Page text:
Continuing our journey, and my final series, through the life of Nehemiah. Getting a little more personal in this one, as I think circumstances dictate. Also, many apologies to all for three points that formed the acrostic H-I-P. They really were the best words to use.
Super duper likely this will end up being one of the most influential books I read this year. A collection of themes that have been on my mind in recent years, but presented in a way that pulls them all together.
So much of what happens in our marketing saturated culture is corporations hooking us into something that’s not healthy for us and keeps pulling us back. He explores the addictive and toxic effects of sugar and social media, among other things. But it’s not all a diatribe, as he ends the book with several thoughtful chapters on exploring a better way for individuals to live.
I read the audiobook and got more out of it than I normally do an audiobook. But I’ll be returning soon to the words on page version — there’s more for me to take away from this book, I’m sure.
The beginning of what is to be my final series of teaching at Austin Mustard Seed. A look at the life of Nehemiah that’s not focused on how to be a great leader or entrepreneur, as Nehemiah is often taught. But it is about how to prepare ourselves and partner with others to join in God’s work of rebuilding and repairing rather than settling into the cynicism and despair that is mor prevalent in our day.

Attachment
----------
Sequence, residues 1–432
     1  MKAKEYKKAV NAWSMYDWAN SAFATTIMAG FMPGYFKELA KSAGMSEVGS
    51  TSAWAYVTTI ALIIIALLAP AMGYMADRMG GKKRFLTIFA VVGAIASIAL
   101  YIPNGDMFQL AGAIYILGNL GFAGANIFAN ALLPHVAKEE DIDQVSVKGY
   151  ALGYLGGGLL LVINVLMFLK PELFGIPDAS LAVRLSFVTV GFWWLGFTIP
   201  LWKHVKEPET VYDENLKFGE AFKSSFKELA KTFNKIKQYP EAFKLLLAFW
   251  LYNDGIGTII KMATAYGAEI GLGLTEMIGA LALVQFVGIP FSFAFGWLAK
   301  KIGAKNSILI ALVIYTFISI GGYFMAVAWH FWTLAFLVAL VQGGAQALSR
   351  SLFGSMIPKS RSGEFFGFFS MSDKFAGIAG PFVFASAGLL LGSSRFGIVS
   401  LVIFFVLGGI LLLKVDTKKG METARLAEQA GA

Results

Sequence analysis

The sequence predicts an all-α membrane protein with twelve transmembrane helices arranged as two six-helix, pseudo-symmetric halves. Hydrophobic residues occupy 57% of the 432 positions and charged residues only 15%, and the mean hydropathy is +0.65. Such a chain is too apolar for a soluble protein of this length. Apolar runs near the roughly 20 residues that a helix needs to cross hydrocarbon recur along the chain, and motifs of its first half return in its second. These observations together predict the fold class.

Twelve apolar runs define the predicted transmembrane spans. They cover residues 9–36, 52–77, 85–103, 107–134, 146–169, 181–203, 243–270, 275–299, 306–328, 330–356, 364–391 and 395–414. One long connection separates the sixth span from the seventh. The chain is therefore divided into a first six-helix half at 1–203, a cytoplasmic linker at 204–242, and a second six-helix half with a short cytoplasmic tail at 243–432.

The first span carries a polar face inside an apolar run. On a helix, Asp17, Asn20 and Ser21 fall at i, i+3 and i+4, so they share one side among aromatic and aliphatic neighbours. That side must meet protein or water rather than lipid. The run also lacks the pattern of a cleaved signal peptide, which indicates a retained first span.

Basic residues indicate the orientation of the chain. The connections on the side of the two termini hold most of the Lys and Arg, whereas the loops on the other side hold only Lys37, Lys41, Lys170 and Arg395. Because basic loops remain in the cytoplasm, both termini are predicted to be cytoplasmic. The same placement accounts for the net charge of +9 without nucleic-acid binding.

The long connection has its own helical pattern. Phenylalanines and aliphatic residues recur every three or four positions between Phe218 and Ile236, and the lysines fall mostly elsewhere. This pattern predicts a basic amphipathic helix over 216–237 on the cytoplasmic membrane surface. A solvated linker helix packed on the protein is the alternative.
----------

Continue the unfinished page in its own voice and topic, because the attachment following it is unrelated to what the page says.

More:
A book I’ve been interested in for a long time. The idea of flow is that all of us are capable of achieving some kind of optimal working condition where attention is tuned and effort seems streamlined. It’s an idea that’s common often for me both in conversations and inner ponderings.
Yet, it’s a challenging book to read, and one you almost have to feel like you’re already in Flow to engage. It’s a deep dive. I appreciate that it’s not a simple how-to manual constructed for quick sales, but almost requiring one to achieve levels of flow to stay engaged and read it. Yet, for others (and me at times), that depth might be a challenge to read through at a time when so many of us would benefit from why the engaged levels of attention of flow are worth regaining.